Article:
If you're thinking about adding a pet to your family, it’s best to learn about the needs of different types of pets to find one that will best suit your lifestyle.
Each type of pet is very different in terms of care, feeding, behaviour, cost, housing and demands on your time.
If you know what you’re getting into, you’ll be more likely to have a happy animal, a good relationship with your pet, and an easier time dealing with any challenges that might arise.
Look at your living situation
Do you live in a high-rise apartment, or do you have a big home and garden? Will your family have room for this pet? Animals such as horses and big dogs take up a lot of room. Small animals in cages, such as gerbils, rabbits and hamsters are good pets if your space is limited. 
Do you have the time?
Consider the ability of your family to care for a pet. Are both adults working or don't have time for round the clock care? Are the children old enough to help take care of the animal? Looking at your family's ability to care for  a pet can determine whether you need a more low-maintenance animal or can accommodate a higher-maintenance one.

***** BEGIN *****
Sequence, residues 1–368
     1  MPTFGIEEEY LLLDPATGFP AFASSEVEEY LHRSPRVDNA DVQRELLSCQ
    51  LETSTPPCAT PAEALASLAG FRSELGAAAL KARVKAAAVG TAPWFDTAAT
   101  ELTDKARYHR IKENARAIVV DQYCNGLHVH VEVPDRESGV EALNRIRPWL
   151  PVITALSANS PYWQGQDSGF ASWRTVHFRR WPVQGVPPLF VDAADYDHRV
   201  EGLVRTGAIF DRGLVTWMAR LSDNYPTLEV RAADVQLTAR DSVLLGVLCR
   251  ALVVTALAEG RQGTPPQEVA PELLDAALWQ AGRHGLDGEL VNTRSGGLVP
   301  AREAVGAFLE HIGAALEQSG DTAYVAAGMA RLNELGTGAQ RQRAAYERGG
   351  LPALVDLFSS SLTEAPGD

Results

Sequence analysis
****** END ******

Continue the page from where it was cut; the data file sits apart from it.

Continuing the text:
Consider the ages of your family members
Are the kids still too young to help take care of the animal? Remember, small dogs and small children can be a bad combination, depending on the temperament of both the animal and the child.
Do you have the financial resources?
Some pets can be much more expensive to care for than others. Take into account the expense of pet food, vet bills, and grooming. If your pet has a medical crisis and has high veterinary bills, or needs boarding when you’re on holidays, will you have the funds to cover this?
Will you have help?
Do you have someone who can be a secondary caregiver if you are away from home? If not, how will you provide care for your pet when you travel?
Take allergies into account
Is one family member allergic to cat hair, for example, that rules out bringing a feline friend into the home.
Take fears/phobias into account
Discuss the fears of family members. Is someone afraid of lizards or snakes? Cross those reptiles off your list of prospective pets.
Hold a family meeting
Sit down with your family and discuss whether your family is ready to care for an animal. See if you can reach an agreement on what type of animal you would like to bring into the home. 
Take your time
Choosing an animal is a big responsibility and commitment, and not a decision that should be rushed. Depending on what type you choose, they could live for more than 15 years. Can you honestly see yourself owning a pet for that long? If not, re-evaluate your requirements for a pet.
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